Another scenario is If you suspect that the AMR file was converted to something else, likea .WAV file, edited, then reconverted to an AMR file, it could bepossible to analyze the AMR file to see if the sampling rate acrosseach AMR frame is identical.  It is possible that the WAV to AMR file conversion algorithm used was also sloppy and wouldn't match that of an AMR that was natively recorded on the device.

Alas, these are long shots, but this is the only way I can think of that you could attempt to get some kind of "fingerprint" of how the mobile device would encode an AMR file and be able to compare it to the sample you have now.


Author Comment

ID: 23633846
Yes, you are absolutely right we don't have the access to the phone nor we have any information on the model. The case is that to be more precise..

" me and you are sitting in front  of each other and there's a mobile phone recorder ON in my pocket. Its recording all our conversations and the dealings that we have made. Now i later on edit some part of that recording from in between and removed some portion of the  conversation from the end resulting in what i actually want from you to say.. Now you have to prove that yes you said all that is there in the remaining portion but you also said something extra tht is not there in it, the file is tempered with. You have to prove it now..."

And this is where we are stuck, we thought to use any sound editor application like "sound forge" or "Diamond Cut Live" to see the pattern of the frequency and if we find any mismatch in that pattern we can say and prove the tempering. But frequency pattern seems to be ok . What you have said about AMR codecs we'll definitely see that and then only i can reply back.

Thanks alot for the information its sounds really helpful as we dont have any clue what to do. And atleast you replied.

Featured Post

Keep up with what's happening at Experts Exchange!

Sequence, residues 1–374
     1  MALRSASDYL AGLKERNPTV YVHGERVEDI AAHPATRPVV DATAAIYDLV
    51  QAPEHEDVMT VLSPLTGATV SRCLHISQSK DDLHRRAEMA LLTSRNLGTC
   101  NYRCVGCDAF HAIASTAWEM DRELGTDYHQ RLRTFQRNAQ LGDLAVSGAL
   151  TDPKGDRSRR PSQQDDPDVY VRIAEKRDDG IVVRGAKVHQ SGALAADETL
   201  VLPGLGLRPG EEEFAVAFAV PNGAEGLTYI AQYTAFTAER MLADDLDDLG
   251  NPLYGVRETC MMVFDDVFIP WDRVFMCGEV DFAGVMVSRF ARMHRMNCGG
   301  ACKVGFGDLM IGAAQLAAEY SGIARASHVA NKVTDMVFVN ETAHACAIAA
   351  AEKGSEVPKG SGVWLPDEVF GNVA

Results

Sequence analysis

Sign up to receive Decoded, a new monthly digest with product updates, feature release info, continuing education opportunities, and more.

Question has a verified solution.

If you are experiencing a similar issue, please ask a related question

There can be many situations demanding the conversion of Outlook OST files to PST format and as such, there is no shortage of automated tools to perform this conversion. However, what makes Stellar OST to PST converter stand above the rest? Let us e…
Tech giants such as Amazon and Google have sold Alexa and Echo to such an extent that they have become household names. And soon they are expected to be used by commoners in their homes, ordering takeout, picking out a song, answering trivia questio…
The viewer will learn how to successfully download and install the SARDU utility on Windows 7, without downloading adware.
Whether it be Exchange Server Crash Issues, Dirty Shutdown Errors or Failed to mount error, Stellar Phoenix Mailbox Exchange Recovery has always got your back. With the help of its easy to understand user interface and 3 simple steps recovery proced…

850 members asked questions and received personalized solutions in the past 7 days.

Join the community of 500,000 technology professionals and ask your questions.

Join & Ask a Question